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Gorilla City

Gorilla City
Gorilla City as seen in The Flash (vol. 2) #242
artist Freddie E. William
Publication information
Publisher DC Comics
First appearance The Flash (vol. 1) #106
(April 1959)
Created by John Broome (writer)
Carmine Infantino (artist)
In story information
Notable people King Nnamdi
King Solovar
Gorilla Grodd
Notable races Super-Simians

Gorilla City is a fictional city in the DC Comics Universe. The city, hidden in the jungles of Africa, is home to a race of super-intelligent gorillas, that gained their powers from a meteorite. The supervillain Gorilla Grodd is also from the city.[1] Gorilla City first appears in The Flash vol. 1 #106, (April 1959) and was created by John Broome and Carmine Infantino.

Publication history

While the current version of Gorilla City debuted in The Flash vol. 1 #106, the very first appearance of a location identified as Gorilla City occurred four years earlier in Congo Bill vol. 1 #6 (July 1955), by George Kashdan and Nick Cardy. The intelligent Gorillas in this story came from a "two mooned world" that Congo Bill assumed to be Mars.

Fictional location history

After an alien spacecraft crashes into the jungles of Africa, local gorillas become hyper-intelligent and acquire telepathic abilities. These gorillas form Gorilla City. The city led by Solovar quickly creates technology far surpassing that of humanity and cloaks itself from human society. Flash first finds out about the city due to Gorilla Grodd, who probed Solovar's mind to find how to control minds, before trying to take over Gorilla City, then the world. However Flash defeated him. Gorilla Grodd took over the city briefly using neo-magnetic radiation. The radiation caused the rest of the gorillas to adore him, and they made him their king.[2]

During JLA Annual #3 (the JLApes storyline), Gorilla City reveals itself to the world and joins the United Nations. However Solovar was killed by a bomb apparently set off by human terrorists.[3]

Known residents

  • King Nnamdi - son of Solovar and current king of Gorilla City, he is telepathic like his father, isolationist.
  • King Solovar - deceased king of Gorilla City, he was a powerful telepath like Grodd, before being murdered by him.
  • King Ulgo - nephew of Solovar and his murderer, the intermediary successor before Nnamdi, not a telepath. He tried to use a device that turned humans into Gorillas, even transforming the JLA, but they were able to reverse the process.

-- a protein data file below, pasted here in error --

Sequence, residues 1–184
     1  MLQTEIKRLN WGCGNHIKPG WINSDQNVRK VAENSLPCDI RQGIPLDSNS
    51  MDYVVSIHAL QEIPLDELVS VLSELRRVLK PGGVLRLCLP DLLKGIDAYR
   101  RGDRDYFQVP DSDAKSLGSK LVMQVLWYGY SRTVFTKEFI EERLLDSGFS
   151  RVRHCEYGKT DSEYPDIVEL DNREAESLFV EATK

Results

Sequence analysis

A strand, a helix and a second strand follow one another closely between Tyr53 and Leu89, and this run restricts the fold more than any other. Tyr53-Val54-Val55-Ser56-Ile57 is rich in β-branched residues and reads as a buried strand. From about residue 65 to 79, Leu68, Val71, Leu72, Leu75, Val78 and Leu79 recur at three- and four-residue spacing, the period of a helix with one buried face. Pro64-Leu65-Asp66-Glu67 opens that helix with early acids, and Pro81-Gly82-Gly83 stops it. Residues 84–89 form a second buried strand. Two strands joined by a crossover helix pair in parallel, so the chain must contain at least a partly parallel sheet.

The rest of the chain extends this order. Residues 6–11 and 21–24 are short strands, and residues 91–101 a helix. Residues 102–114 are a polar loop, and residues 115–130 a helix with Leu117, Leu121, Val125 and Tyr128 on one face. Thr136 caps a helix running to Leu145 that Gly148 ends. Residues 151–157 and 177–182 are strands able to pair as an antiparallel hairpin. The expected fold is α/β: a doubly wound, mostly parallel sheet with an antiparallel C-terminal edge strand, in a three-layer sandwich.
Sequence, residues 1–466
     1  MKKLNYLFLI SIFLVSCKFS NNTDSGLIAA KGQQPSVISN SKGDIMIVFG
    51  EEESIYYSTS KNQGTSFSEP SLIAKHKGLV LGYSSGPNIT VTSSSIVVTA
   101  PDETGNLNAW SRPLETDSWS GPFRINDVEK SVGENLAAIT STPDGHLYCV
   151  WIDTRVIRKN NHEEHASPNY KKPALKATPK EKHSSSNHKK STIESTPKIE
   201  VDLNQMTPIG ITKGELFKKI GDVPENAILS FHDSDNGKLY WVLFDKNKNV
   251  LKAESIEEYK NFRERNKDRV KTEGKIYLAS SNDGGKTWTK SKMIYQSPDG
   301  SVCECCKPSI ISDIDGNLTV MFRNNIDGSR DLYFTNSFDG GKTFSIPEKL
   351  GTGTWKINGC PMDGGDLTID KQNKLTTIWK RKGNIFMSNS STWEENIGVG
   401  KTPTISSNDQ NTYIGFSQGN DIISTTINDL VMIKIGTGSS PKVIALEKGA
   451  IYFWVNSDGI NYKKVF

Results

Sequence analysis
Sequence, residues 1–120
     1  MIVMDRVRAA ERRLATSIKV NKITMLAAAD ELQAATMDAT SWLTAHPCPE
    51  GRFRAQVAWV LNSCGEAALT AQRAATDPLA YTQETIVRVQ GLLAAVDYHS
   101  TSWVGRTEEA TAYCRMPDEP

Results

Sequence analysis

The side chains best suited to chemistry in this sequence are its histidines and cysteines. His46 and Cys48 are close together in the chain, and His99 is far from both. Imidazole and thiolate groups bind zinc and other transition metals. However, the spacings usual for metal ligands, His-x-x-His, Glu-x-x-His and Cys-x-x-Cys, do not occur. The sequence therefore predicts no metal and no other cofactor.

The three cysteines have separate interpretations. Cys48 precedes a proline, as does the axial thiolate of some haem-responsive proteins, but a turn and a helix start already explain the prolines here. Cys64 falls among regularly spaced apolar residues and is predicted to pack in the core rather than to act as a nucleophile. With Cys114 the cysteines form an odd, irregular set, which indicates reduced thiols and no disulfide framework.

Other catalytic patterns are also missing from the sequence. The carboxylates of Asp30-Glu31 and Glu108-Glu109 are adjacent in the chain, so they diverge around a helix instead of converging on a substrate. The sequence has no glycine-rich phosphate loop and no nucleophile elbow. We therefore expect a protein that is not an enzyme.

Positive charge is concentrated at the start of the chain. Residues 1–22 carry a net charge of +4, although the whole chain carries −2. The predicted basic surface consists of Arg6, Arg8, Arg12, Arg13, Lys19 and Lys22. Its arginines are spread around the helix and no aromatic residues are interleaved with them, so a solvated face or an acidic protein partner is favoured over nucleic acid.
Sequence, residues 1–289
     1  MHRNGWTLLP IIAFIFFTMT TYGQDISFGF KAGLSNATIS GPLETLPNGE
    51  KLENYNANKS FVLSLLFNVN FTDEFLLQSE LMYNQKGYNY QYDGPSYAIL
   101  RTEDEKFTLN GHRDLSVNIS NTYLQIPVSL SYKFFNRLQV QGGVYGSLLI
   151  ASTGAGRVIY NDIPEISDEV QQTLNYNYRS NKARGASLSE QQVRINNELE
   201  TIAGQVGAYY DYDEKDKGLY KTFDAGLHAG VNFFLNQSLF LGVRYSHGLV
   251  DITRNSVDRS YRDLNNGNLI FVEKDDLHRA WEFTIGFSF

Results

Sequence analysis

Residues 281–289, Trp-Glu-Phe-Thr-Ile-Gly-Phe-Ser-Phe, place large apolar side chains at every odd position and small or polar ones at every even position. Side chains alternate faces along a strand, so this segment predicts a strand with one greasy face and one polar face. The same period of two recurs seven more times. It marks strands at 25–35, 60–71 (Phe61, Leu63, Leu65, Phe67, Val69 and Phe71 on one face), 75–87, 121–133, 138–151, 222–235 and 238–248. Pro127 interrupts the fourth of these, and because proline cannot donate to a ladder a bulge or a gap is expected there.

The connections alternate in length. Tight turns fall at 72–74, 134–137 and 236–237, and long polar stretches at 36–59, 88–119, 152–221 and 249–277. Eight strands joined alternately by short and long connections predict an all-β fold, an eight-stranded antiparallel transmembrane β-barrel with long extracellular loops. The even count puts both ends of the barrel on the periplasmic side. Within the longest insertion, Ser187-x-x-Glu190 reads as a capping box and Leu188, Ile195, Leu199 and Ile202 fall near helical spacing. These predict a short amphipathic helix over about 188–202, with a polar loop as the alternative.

• Doctor Zaius - science advisor and lead biologist for the Human Defense Corps.[4][5]
  • Gorilla Grodd - an outcast from Gorilla City and a powerful telepath, who learnt how to control minds by probing Solovar's mind, and was the first recurring foe of the second Flash. He plans to rule Gorilla City and the Earth.[2]
  • Kamau - gorilla friend of Nnamdi.[6]
  • Malavar - smartest ape in Gorilla City, introduced in Starman/Congorilla #1.[7]
  • Nzame - young telepathic white ape with healing powers.[8]
  • Primat - a female Gorilla, and a member of the Dreambound from the Trinity maxi-series.[9]
  • Queen Boka - wife of Solovar, mother of Nnamdi.[10]
  • Sam Simeon - grandson of Gorilla Grodd uses his telepathic powers to run a detective agency in Angel and the Ape.
  • Tolifhar - a former follower of Gorilla Grodd, and was the leader of his Gorilla Knights - a group of genetically-modified white-furred gorillas made to fight superhumans. Wonder Woman was able to befriend Tolifhar, and they became allies. He and some of his gorilla brethren were guests in her home for some time. Can be identified from amongst his white gorilla brethren as the one with a scarred left eye. [11]


In Flashpoint Grodd rules Gorilla City and has taken over Africa, killing many humans in the process.

In other media


Video games


  • A song called "Gorilla City" appears on nerd rock band Ookla the Mok's space monkey rock opera "Smell No Evil."

See also


  1. ^ Beatty, Scott (2008), "Gorilla Grodd", in Dougall, Alastair, The DC Comics Encyclopedia, New York: Dorling Kindersley, p. 141, ISBN 0-7566-4119-5, OCLC 213309017 
  2. ^ a b The Flash (vol. 1) #127 (March 1962)
  3. ^ JLA Annual #3 (September 1999)
  4. ^ Human Defense Corps #2 (August 2003)
  5. ^ "Human Defense Corps #2". 2003-08-02. Retrieved 2011-04-25. 
  6. ^ Flash (vol. 2) #194 (March 2003)
  7. ^ Starman/Congorilla #1 (March 2011)
  8. ^ Justice League of America (vol. 2) #9 (July 2007)
  9. ^ Trinity #8 (July 2008)
  10. ^ Flash (vol. 1) #127 (March 1962)
  11. ^ Wonder Woman (vol. 3) #14 (January 2008)

External links